Enrile, Binay, Marcos assail Aquino inaction on Kidapawan
President Aquino should have taken decisive action and opened the rice granaries when protesters took to the streets of Kidapawan City to demand food from the government, Senate Minority Leader Juan Ponce Enrile said Thursday.
Had Mr. Aquino done so, the government would have known at once whether the protesters were legitimate.
“[Mr. Aquino] is a hollow symbol in our society right now. But even then, he should’ve acted on his own behest,” Enrile said at a Senate forum.
If he were President, he would have flown to Kidapawan, and ordered the distribution of rice to the protesters “to see whether that is a legitimate rally or just a contrived rally in order to provide a conflict or an encounter.”
“If they’re really hungry, they will disperse immediately because they want to cook the rice at least to satisfy their hunger,” he said.
Such a move would also have ensured the victory of the President’s chosen candidate, Mar Roxas, said Enrile, who criticized the Chief Executive’s slow decision-making. “If he went there and acted immediately and given them rice, nobody can beat Roxas,” Enrile said. “He missed the boat to make his candidate win.”
But the Aquino government has apparently learned nothing about running a country in six years, he said. He called Mr. Aquino a “three-day President,” one who takes too long to make a move.
Malacañang shrugged off Enrile’s criticism.
“President Aquino is, at all times, focused on the important things that are happening in the country and the whole world to ensure the immediate response of government to all the needs of Filipinos in and out of the country,” Presidential Communications Secretary Herminio Coloma Jr. said.
“Perhaps, the reason behind the thinking of Senator Enrile is the style of governance that he was used to when he was a Cabinet official under former President Marcos under the dictatorship and martial law,” Coloma said.
Enrile said the administration was too focused on the concept growth, he added, but this just pertains to a number or the opinion of economists, he said. Hunger and fear, on the other hand, are immediately felt, he said.
He also said that in this democracy, or “demo-crazy,” authorities shoot at people because they have no training in handling social problems, as they don’t know the issues that affect the lives of the people they consider their bosses.
“That’s the problem if you were born very rich. You don’t know the feeling of the downtrodden people,” he said.
The Kidapawan rally had ended in violence when police decided to disperse drought-hit farmers demanding aid from the government. Three protesters were killed.
But police said one of the slain protesters had a positive result during the paraffin test, indicating he may have fired a gun. Government officials also questioned the motive of protesters, saying their ranks had been infiltrated by leftists.
Enrile also took to task his colleagues in the Senate for initiating a probe on the Kidapawan incident but purportedly failing to inform fellow lawmakers about it.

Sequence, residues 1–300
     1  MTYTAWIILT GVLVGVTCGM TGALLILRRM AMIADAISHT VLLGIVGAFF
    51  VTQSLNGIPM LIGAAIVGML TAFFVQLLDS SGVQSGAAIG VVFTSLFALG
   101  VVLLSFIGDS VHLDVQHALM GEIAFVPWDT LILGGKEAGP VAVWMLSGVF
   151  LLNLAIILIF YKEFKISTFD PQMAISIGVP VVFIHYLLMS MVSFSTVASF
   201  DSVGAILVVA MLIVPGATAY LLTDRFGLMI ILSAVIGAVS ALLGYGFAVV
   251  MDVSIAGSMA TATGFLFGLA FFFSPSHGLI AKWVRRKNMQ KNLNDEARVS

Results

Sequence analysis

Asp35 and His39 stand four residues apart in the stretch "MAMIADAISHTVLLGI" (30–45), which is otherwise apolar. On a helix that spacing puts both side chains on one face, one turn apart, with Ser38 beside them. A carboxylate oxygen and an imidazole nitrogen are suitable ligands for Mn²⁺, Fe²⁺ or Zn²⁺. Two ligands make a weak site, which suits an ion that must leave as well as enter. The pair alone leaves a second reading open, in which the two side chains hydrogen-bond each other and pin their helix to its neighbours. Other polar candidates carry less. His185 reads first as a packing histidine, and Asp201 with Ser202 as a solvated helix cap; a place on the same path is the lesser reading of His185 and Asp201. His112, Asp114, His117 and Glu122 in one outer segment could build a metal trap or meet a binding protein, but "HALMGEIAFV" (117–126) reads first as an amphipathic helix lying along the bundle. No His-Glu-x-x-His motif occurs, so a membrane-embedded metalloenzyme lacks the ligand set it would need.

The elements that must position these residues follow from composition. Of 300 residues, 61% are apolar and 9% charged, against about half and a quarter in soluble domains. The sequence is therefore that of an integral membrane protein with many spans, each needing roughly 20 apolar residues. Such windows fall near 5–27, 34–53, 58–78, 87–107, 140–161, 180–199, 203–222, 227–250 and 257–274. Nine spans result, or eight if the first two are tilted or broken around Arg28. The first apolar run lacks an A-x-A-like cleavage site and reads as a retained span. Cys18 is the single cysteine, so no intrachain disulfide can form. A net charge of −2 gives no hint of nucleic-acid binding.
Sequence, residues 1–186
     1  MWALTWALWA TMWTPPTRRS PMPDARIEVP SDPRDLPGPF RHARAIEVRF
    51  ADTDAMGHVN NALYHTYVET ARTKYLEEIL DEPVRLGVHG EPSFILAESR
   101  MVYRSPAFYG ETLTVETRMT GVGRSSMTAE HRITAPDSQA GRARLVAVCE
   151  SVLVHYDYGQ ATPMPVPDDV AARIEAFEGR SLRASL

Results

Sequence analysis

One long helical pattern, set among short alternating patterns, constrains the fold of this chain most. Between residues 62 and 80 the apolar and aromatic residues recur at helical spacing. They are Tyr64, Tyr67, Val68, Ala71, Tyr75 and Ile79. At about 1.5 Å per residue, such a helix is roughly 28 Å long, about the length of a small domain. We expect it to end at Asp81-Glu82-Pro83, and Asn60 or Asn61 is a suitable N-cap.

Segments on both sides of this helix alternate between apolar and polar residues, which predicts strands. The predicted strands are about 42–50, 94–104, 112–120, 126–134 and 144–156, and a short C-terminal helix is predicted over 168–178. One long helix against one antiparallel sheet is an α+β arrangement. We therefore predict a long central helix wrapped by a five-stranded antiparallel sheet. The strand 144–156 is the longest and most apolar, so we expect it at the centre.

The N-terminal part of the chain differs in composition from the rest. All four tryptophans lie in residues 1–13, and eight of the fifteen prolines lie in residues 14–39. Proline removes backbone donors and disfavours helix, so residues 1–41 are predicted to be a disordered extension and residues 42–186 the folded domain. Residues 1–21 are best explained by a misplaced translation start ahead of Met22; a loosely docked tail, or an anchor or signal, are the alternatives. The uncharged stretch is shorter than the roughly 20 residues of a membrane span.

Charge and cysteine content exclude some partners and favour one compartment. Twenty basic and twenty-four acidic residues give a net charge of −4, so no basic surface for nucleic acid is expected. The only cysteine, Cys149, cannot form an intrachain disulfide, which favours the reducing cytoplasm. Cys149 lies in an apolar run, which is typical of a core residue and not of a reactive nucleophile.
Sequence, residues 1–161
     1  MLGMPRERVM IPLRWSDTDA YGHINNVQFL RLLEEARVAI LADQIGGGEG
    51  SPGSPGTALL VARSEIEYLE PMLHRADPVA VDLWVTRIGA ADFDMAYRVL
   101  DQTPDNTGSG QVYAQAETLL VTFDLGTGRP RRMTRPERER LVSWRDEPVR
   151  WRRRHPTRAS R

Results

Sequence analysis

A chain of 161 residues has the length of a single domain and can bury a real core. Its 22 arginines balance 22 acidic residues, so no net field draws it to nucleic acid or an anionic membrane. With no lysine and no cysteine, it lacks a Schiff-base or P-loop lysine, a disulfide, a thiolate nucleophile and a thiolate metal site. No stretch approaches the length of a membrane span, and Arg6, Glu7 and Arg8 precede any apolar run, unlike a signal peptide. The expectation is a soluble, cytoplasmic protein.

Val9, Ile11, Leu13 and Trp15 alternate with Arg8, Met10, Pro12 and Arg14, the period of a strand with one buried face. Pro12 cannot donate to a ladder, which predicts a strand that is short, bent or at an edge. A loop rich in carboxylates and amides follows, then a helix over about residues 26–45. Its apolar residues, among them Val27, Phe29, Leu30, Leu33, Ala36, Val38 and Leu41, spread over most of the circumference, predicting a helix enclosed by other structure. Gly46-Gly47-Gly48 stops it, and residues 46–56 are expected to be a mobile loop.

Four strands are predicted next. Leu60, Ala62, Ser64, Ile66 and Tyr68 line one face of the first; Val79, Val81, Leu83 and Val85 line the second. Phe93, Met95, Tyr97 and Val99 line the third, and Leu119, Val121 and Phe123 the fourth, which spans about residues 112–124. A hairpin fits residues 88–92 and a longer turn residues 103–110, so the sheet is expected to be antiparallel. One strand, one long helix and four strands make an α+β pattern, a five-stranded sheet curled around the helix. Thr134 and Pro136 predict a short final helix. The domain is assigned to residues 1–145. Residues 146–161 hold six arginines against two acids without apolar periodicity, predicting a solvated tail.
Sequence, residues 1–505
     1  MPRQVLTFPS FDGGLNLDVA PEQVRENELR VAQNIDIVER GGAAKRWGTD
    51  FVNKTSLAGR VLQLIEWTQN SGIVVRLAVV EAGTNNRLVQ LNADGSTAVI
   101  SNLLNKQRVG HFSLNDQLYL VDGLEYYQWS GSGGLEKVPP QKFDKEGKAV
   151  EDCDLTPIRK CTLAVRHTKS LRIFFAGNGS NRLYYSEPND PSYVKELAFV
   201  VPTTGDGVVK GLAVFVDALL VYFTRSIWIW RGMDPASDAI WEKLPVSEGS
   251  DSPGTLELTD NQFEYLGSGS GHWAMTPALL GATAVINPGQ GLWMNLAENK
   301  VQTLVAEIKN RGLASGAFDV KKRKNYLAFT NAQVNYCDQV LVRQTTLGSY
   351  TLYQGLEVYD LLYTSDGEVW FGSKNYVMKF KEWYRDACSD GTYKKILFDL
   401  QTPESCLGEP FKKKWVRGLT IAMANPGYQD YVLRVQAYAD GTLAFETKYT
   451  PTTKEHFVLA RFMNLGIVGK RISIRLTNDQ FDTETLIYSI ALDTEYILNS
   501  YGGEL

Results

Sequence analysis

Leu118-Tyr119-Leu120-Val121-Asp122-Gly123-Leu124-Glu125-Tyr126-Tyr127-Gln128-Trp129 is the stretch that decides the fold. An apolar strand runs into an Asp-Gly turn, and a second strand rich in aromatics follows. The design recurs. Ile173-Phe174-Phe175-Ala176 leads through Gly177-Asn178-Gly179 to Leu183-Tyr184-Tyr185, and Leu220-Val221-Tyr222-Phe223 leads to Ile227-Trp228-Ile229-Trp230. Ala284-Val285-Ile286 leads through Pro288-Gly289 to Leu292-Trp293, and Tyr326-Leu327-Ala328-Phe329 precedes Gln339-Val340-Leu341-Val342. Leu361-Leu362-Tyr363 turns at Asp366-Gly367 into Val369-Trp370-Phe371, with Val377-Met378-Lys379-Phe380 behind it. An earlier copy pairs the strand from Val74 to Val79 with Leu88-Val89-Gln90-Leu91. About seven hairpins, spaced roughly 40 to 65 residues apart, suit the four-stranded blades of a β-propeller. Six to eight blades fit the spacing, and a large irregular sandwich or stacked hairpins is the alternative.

Vice President Jejomar Binay said the protest in North Cotabato province demonstrated that poverty remained a problem in the country. He lamented that the rally ended in violence. “Everything must have to be handled with compassion,” Binay said.
In a statement, Sen. Ferdinand Marcos Jr. said Agriculture Secretary Proceso Alcala should explain how the agency’s budget was being spent.
“The DA has a big budget for 2016 but there is a possibility that it is being used for politics and not to support our farmers,” the vice presidential candidate said. For 2016 the total appropriation for the DA is at P48.45 billion, over P2 billion of which was set aside for El Niño mitigation programs.
“Seventy percent of the country’s poor are in agriculture… You cannot blame the farmers because they are hungry. You cannot fault them for fighting for their families’ survival,” Marcos said.
The International Association of Democratic Lawyers (IADL) called for the release of farmers still detained and “to bring all those responsible to justice.”
IADL president Jeanne Mirer in a statement in New York said Mr. Aquino’s silence on the incident showed that the President “tacitly supported” the police action.
The Antwerp-based Progress Lawyers Network expressed “shock and outrage” over the dispersal, citing how the farmers were merely seeking government help as their livelihood suffered due to the dry spell wrought by climate change.
The Italian Association of Democratic Lawyers said the violent dispersal violated “the [farmers’] right to life and to be free from arbitrary detention.”
“We protest against such actions and the silence of the President,” said the Italian group.
The National Lawyers Guild International expressed its support for the National Union of People’s Lawyers in the Philippines in its efforts to seek “justice and accountability at the highest levels for those responsible for the killing of farmers in Kidapawan.” With reports from Christine O. Avendaño, Tarra Quismundo, Nikko Dizon and Jeannette I. Andrade
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